PROFESSIONAL STUDENTS (APPENDIX B, TABLE 7A)

57 DUKE UNIVERSITY 2018 STUDENT EXPERIENCES SURVEY


KEY FINDINGS FOR GRADUATE AND PROFESSIONAL STUDENTS

Month of Incidents. The number of sexual assault incidents, by month, experienced by graduate/
professional students during the 2017–2018 academic year is shown in Figure 33. The number
of incidents is higher for women than men in each month, reflecting the higher prevalence of
sexual assault victimization among women. When looking at patterns by month, the largest
number of incidents experienced by both men and women took place in March, followed by
October. In 2016, the largest number of incidents for women occurred in October.

FIGURE 33: SEXUAL ASSAULT INCIDENTS EXPERIENCED BY MONTH, GRADUATE/


PROFESSIONAL STUDENTS

PERPETRATOR CHARACTERISTICS. Data on perpetrator gender and affiliation with Duke are shown
in Figure 34, and additional details about the student’s relationship to the perpetrator
are included in Figure 35. As with the pattern observed among incidents experienced by
undergraduates, the majority of incidents experienced by female students involved a male
perpetrator (87%, as compared to 92% in 2016). For incidents experienced by men, just
under a third (32%) involved a male perpetrator (53% in 2016) and 62.2% involved a female
perpetrator (35% in 2016). Perpetrator affiliation with Duke was much less common for
graduate and professional students than for undergraduates. Among incidents experienced
by graduate/professional students, 44–45% of perpetrators were affiliated with Duke, a
considerable increase over 2016.

58 DUKE UNIVERSITY 2018 STUDENT EXPERIENCES SURVEY


KEY FINDINGS FOR GRADUATE AND PROFESSIONAL STUDENTS

FIGURE 34. CHARACTERISTICS OF SEXUAL ASSAULT PERPETRATOR, GRADUATE/


PROFESSIONAL STUDENTS (APPENDIX B, TABLE 7A)

Figure 35 shows that the most common relationship between the victim and perpetrator
was an acquaintance (as compared to 31% for graduate/professional students in 2016). The
perpetrator was a stranger in 23.4% of incidents (25% in 2016). For female undergraduates
in 2018, the perpetrator was an acquaintance in 30.4% of incidents and a stranger in 36.3%
of incidents. The percentage of female graduate/professional students reporting sexual
assault by a professor or teaching assistant was 2.2%.

FIGURE 35. VICTIM RELATIONSHIP TO SEXUAL ASSAULT PERPETRATOR, FEMALE


GRADUATE/PROFESSIONAL STUDENTS (APPENDIX B, TABLE 7A)

59 DUKE UNIVERSITY 2018 STUDENT EXPERIENCES SURVEY


KEY FINDINGS FOR GRADUATE AND PROFESSIONAL STUDENTS

Incident Impact. Female victims’ assessments of how upsetting the incident was are shown
in Figure 36. Over half of incidents (58.7%) were perceived by the victim as being “very
upsetting” or “upsetting” (close to the 62% rate in 2016). As observed with undergraduate
women, when looking separately at rape incidents (Appendix B, Table 7c), a much higher
percentage (87.5%) were perceived in this manner (similar to the 88% rate in 2016). In
contrast, 58.6% of sexual battery incidents were perceived as “very upsetting” or “upsetting”
(see Appendix B, Table 7b) (similar to the 57% in 2016).

FIGURE 36. PERCEPTION OF INCIDENT, FEMALE GRADUATE/PROFESSIONAL STUDENTS (APPENDIX


B, TABLE 7A)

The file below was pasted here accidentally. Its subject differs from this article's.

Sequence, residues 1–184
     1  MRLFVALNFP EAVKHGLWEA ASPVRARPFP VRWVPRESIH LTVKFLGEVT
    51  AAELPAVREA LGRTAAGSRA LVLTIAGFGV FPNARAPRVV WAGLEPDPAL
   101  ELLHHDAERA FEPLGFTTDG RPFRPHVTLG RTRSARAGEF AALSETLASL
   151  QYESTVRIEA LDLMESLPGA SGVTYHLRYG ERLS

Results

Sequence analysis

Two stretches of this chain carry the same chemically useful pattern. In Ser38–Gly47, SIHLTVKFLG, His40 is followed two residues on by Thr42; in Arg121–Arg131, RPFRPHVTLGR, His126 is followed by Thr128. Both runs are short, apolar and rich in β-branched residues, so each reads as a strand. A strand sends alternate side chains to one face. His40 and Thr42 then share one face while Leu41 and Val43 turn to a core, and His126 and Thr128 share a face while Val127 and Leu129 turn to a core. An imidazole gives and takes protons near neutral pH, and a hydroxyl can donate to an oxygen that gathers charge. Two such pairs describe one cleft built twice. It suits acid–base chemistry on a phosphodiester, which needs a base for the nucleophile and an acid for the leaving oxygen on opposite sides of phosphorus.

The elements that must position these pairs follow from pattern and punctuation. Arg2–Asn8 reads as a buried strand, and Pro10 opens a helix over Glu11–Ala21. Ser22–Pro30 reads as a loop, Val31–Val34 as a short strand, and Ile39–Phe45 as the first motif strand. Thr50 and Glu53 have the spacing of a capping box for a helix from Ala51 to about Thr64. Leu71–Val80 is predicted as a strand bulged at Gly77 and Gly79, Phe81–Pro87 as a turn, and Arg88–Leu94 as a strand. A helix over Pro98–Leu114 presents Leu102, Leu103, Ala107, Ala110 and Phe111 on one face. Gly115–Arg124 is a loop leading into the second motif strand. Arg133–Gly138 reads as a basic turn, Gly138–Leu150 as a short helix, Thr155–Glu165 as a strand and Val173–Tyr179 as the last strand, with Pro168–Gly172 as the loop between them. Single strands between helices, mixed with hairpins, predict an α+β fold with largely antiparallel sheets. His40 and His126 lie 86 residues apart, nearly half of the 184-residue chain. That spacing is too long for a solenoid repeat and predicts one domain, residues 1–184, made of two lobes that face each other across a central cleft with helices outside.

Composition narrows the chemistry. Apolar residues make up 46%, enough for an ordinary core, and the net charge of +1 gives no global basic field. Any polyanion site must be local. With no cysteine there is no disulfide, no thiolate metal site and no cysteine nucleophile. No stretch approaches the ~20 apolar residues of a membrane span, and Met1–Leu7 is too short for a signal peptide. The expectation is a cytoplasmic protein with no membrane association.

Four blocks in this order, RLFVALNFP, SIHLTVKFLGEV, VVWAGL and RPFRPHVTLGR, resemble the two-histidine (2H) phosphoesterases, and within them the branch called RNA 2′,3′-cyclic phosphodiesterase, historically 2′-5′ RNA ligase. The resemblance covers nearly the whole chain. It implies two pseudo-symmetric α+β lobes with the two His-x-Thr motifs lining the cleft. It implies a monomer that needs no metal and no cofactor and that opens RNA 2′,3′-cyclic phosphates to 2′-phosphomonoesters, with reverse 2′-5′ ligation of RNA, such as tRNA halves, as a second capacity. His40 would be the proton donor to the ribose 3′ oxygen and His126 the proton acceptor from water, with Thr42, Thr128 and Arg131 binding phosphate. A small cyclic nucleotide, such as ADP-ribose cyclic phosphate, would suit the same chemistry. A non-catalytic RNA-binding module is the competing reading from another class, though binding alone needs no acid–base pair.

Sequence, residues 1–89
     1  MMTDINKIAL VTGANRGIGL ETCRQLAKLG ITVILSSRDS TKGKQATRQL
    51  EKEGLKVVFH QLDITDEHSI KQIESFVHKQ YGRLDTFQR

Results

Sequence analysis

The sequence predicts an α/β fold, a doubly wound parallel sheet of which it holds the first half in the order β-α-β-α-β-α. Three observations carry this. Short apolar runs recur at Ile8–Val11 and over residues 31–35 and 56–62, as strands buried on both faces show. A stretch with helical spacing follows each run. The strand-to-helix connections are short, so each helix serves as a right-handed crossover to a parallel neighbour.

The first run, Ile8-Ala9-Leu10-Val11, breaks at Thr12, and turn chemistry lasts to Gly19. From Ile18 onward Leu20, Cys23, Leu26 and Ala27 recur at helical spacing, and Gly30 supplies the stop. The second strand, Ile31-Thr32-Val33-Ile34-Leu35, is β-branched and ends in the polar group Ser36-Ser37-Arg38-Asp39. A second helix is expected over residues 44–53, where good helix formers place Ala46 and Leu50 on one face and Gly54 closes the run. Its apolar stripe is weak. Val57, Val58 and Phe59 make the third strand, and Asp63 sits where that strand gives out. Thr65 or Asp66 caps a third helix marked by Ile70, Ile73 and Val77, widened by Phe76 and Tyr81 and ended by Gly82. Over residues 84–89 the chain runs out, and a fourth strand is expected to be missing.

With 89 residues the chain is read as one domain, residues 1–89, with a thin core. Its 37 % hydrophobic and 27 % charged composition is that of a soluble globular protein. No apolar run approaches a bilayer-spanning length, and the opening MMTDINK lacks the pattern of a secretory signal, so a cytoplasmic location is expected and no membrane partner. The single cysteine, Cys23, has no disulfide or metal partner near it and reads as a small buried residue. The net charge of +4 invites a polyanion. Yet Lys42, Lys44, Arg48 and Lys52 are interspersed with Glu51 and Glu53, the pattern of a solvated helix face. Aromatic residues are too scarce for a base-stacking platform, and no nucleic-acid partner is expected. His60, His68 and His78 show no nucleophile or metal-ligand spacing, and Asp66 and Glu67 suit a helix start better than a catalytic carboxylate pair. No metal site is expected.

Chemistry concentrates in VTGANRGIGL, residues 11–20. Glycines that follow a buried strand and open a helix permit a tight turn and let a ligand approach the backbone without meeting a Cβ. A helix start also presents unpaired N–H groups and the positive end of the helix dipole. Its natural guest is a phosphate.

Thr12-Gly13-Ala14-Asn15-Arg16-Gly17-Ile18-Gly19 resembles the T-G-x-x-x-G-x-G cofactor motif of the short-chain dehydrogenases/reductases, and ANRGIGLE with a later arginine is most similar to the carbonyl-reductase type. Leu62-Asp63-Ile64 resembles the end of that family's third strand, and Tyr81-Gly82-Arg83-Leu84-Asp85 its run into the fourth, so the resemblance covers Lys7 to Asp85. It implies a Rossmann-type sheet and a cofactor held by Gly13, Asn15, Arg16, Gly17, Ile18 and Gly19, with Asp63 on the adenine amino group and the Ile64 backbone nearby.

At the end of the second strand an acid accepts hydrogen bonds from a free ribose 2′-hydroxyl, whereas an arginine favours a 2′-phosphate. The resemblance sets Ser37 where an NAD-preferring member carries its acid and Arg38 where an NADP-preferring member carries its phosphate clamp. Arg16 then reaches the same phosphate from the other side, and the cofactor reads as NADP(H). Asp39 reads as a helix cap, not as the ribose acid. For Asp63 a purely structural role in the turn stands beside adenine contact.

Figure 37 show male and female sexual assault victims’ assessments of how much the
incident impacted various aspects of their lives. Specifically, the figure shows the percent
of incidents in which the victim indicated that the incident did not lead to problems in these
areas.

As with undergraduate experiences, for the majority of sexual assault incidents experienced
by graduate/professional students, the victim indicated that the incident did not negatively
impact or interfere with their schoolwork, extracurricular activities, or relationships with
people they knew or worked with. About 80% of both male and female graduate/professional
students indicated in 2016 that the assault didn’t impact their schoolwork or grades, as
compared to the roughly 70% rate in 2016. At the same time, 74% of male graduate/
professional students indicated that the assault didn’t impact their family members as
compared to 87.9% in 2018, while 87% of female students indicated that the assault didn’t
impact their family members in 2016 as compared to 82.3% in 2018.

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However, when looking separately at the impact of rape and sexual battery incidents, rape
incidents were more likely to be perceived as negatively impacting these areas of the victim’s
life. For example, although 84.7% of sexual battery incidents were perceived not to have
led to problems with the students’ schoolwork or grades, only 43% of rape incidents were
assessed similarly. In other words, for over half of rape incidents experienced by female
graduate/professional students (57%), the victim indicated that the incident led to problems
with her schoolwork or grades. This is different than what was reported for 2016, when about
12% of female graduate/professional students who reported rape said it led to problems with
schoolwork or grades, the same as for sexual assault.

When victims were asked whether, as a result of the incident, they made (or considered
making) changes to their lifestyle in three categories (residence, class schedule, and
attendance), a similar pattern emerged. The majority of incidents did not result in the
student making (or considering) specific changes to their lifestyle in these areas. However,
rape incidents were more likely to lead the victim to consider such changes. For example, for
28.6% of rape incidents experienced by female graduate/professional students, the victim
considered taking some time off from school, transferring, or dropping out, compared to only
6.2% of sexual battery incidents (see Appendix B, Tables 7b and 7c).

FIGURE 37. IMPACT OF INCIDENT (PERCENT REPORTING NO IMPACT), GRADUATE/